GASTRITIS AND STOMACH DERANGEMENT. [Newspaper Article] — The Globe and Sunday Times War Pictorial — 9 January 1915
GASTRITIS AND STOMACH DERANGEMENT. "J.P.S." (Stanmore) complains of stomachic pains accompanied by wind. A. Your symptoms point to general digestive derangement, and as a preliminary course the teeth should be put in order, and the mouth cleansed before and after meals with perox::e of hydrogen or listerine. In all cases the over-worked organs require rest, and this is best obtained by suitable dieting, with a rest after each meal. The diet should consist of milk, boiled fish, mutton, chicken, dry toast, and biscuits. An outdoor life, with moderate exercise, especially of the abdominal muscles, is desirable. The bowels must be kept regular, preferably with cascara. Sip a glass of hot water first thing every morning, and take the following mixture in water three times a day : Bicarbonate of soda, 10 grains; carbonate of bismuth, 10 grains; tincture of nux vomica, 5 minims; tincture of ginger, 10 minims; chloroform water, to _oz.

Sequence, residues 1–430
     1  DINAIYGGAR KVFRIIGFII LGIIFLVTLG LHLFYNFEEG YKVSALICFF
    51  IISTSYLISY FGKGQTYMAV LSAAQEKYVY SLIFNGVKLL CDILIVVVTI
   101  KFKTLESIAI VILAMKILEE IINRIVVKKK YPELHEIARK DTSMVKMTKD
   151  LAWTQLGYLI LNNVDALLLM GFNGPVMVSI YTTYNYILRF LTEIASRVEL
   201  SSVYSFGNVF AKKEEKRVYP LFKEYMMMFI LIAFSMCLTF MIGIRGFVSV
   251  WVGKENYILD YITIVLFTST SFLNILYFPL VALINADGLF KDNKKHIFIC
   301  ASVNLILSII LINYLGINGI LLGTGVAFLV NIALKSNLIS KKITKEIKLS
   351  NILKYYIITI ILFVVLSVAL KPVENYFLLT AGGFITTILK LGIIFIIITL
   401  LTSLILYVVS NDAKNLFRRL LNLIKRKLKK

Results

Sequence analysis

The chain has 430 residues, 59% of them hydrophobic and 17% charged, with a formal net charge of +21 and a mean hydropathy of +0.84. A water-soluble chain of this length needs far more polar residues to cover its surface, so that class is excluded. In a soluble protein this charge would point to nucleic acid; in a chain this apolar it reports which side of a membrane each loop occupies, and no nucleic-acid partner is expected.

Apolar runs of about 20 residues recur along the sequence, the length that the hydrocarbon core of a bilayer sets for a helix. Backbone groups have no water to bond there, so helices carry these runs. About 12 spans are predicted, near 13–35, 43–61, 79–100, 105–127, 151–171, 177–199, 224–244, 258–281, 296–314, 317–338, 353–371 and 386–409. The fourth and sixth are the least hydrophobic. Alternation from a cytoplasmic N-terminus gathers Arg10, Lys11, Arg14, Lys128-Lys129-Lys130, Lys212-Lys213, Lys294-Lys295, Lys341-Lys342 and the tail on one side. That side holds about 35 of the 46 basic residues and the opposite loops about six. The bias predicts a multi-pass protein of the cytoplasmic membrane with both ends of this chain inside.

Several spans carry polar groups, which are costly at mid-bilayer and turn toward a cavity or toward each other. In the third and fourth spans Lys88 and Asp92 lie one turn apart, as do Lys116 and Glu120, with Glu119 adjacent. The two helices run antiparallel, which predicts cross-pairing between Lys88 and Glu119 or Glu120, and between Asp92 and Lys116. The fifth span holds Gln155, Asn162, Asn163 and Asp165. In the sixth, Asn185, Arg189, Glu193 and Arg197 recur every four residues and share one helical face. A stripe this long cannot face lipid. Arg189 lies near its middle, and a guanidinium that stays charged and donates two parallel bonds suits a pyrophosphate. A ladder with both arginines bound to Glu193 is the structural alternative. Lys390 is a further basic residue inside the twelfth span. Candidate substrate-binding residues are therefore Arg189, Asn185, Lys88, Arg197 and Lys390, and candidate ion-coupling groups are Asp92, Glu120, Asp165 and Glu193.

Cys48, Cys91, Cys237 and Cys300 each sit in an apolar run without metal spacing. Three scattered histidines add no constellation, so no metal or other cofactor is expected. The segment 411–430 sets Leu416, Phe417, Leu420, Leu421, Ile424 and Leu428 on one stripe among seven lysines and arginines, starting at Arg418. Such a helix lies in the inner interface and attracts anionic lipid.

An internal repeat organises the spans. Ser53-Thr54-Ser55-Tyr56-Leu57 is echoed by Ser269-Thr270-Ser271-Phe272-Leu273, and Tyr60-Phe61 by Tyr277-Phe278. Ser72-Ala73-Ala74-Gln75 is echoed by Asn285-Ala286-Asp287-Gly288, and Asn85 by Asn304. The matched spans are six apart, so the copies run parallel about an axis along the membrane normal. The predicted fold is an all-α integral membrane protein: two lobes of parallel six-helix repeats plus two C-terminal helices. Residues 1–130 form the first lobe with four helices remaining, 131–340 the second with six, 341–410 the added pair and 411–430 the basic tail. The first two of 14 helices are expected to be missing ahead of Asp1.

Advertising [Newspaper Article] — The Globe and Sunday Times War Pictorial — 9 January 1915
WHlY RIEMAIN SHORT? Tou do yourself Injutice by letting your shortness oo tUnue to etad )our social and commercial progres when the HUGH GIBSON SYSTE? WILL INCREASE YOUI HEIGHT from two t threem inche in thre month (Bend. two pennJ tatmps today for rul plartteulan of by method. All letter are mared in plain envelopes HUGH GIBSON, "Specialist In the Increase of sleight," VEPARTMENT "B. 163 PITT STREET. SYDNEY,
The Influence of Von Clausewitz on the War [Newspaper Article] — The Globe and Sunday Times War Pictorial — 9 January 1915